Frontier Group intern and University of Massachusetts student Toby Armstrong contributed this blog post. This is the third in a series of posts on the implications of the fracking bust and inadequate bonding requirements on taxpayers and the environment. The first two posts can be found here and here.
The history of the fossil fuel industry has shown that unless strong regulation exists to guarantee that mining and drilling companies set aside enough money for environmental cleanup (often in the form of bonds) when times are good, cleanup won’t get done when times turn sour. The result: taxpayers wind up footing the bill for cleanup, or else are forced to deal with the environmental and public health consequences of unplugged wells.
Pennsylvania has experienced this firsthand, and is now dealing with thousands of orphaned oil and gas wells from past decades, yet the future doesn’t look bright. As the fracking boom begins to wane, thousands of new and uniquely dangerous wells may be abandoned if operators go under, posing unique burdens to the state’s budget, public health, and environment.
So, how much financial trouble are Pennsylvania operators in? One example is Chesapeake Energy, the second biggest operator in the state, operating over 800 wells, and the second largest natural gas producer in the US in terms of overall production.
Chesapeake has frequented headlines as of late due to its worsening financial situation. The financial problems stem from the $10 billion in debt Chesapeake incurred early in the fracking boom to finance its operations, assuming the money to be made over time would more than cover the large upfront costs. Now that gas prices have collapsed and production has waned, the company is struggling to stay afloat under the pressure of debt payments and a lack of cash.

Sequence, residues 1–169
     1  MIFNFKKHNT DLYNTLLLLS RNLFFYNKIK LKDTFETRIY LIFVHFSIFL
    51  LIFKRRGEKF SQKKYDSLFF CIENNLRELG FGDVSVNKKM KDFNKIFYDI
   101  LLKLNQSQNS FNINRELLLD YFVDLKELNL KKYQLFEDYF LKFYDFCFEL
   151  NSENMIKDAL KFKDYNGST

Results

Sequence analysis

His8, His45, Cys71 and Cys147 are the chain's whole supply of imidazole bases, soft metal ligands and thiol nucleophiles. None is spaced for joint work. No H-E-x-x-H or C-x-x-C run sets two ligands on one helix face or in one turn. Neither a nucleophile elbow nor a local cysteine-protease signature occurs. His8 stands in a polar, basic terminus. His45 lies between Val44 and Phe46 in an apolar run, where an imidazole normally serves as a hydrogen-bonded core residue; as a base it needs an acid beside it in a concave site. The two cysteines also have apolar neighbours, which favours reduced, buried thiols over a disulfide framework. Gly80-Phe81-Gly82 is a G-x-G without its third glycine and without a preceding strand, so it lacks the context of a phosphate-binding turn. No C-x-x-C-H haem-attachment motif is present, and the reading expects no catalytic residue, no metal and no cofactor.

In 2015, Chesapeake reported a net loss of $14.8 billion. The company has also seen the value of its stock fall 80% in the last year, and had its credit rating recently downgraded by the S&P, which called the company’s finances “unsustainable.”
As the fracking boom wanes, many companies like Chesapeake are finding it harder and harder to stay in business. A total of 35 exploration and production companies, with a total debt of around $18 billion, filed for bankruptcy between July 1, 2014, and December 31, 2015 alone. Some analysts even predict, based on current prices, that up to a third of fracking companies could go bust by the end of 2016.
Chesapeake has managed to survive thus far by aggressively selling off its assets while engaging in debt-for-equity swaps. Additionally, the company has cut its operating costs by more than half for 2016, and plans to stop the drilling of new wells for the first time in 10 years, only operating only the most profitable sites it owns.
While these strategies have allowed Chesapeake to stay in business for the time being, it will only get harder for the company to kick the can down the road. The next hurdle will be $1.3 billion in debt due at the end of 2017, and it is unclear how Chesapeake plans to cope.
If Chesapeake were to go bankrupt or sell out, one can only speculate on what will become of its wells across the Pennsylvania and the nation. In past busts, large companies like Chesapeake have chosen to sell their assets to smaller operators. This may delay well abandonment, however, these smaller operators often have even less financial capability to plug than the original owner, and meet the same fate of insolvency.
Chesapeake’s own environmental record is far from sterling. Between January 2011 and August 2014 Chesapeake committed 253 environmental and health violations in Pennsylvania, only second to Cabot Oil & Gas, according to Frontier Group’s 2015 report with PennEnvironment Research & Policy Center, Fracking Failures. The company has also been cited for six violations for failure to reclaim a site after plugging a well and two violations for failure to plug.
States that have experienced a recent boom in fracking are now sailing into uncharted waters. With inadequate requirements for bonding, they must hope that wounded companies like Chesapeake or their successors will have the resources to clean up the damage their drilling has done to the local environment. Now is the time for states like Pennsylvania to set in place strong bonding requirements to ensure that money is available for environmental cleanup and the health of people living in the shadow of fracking are not put at risk – regardless of how financially sick drilling firms may be.
 Based on data from State Impact. Violations reviewed were “Failure to plug a well upon abandonment,” “Failure to restore site w/in 9 months of completion of drilling or plugging,” and “Failure to restore site w/in 9 months of plugging well.”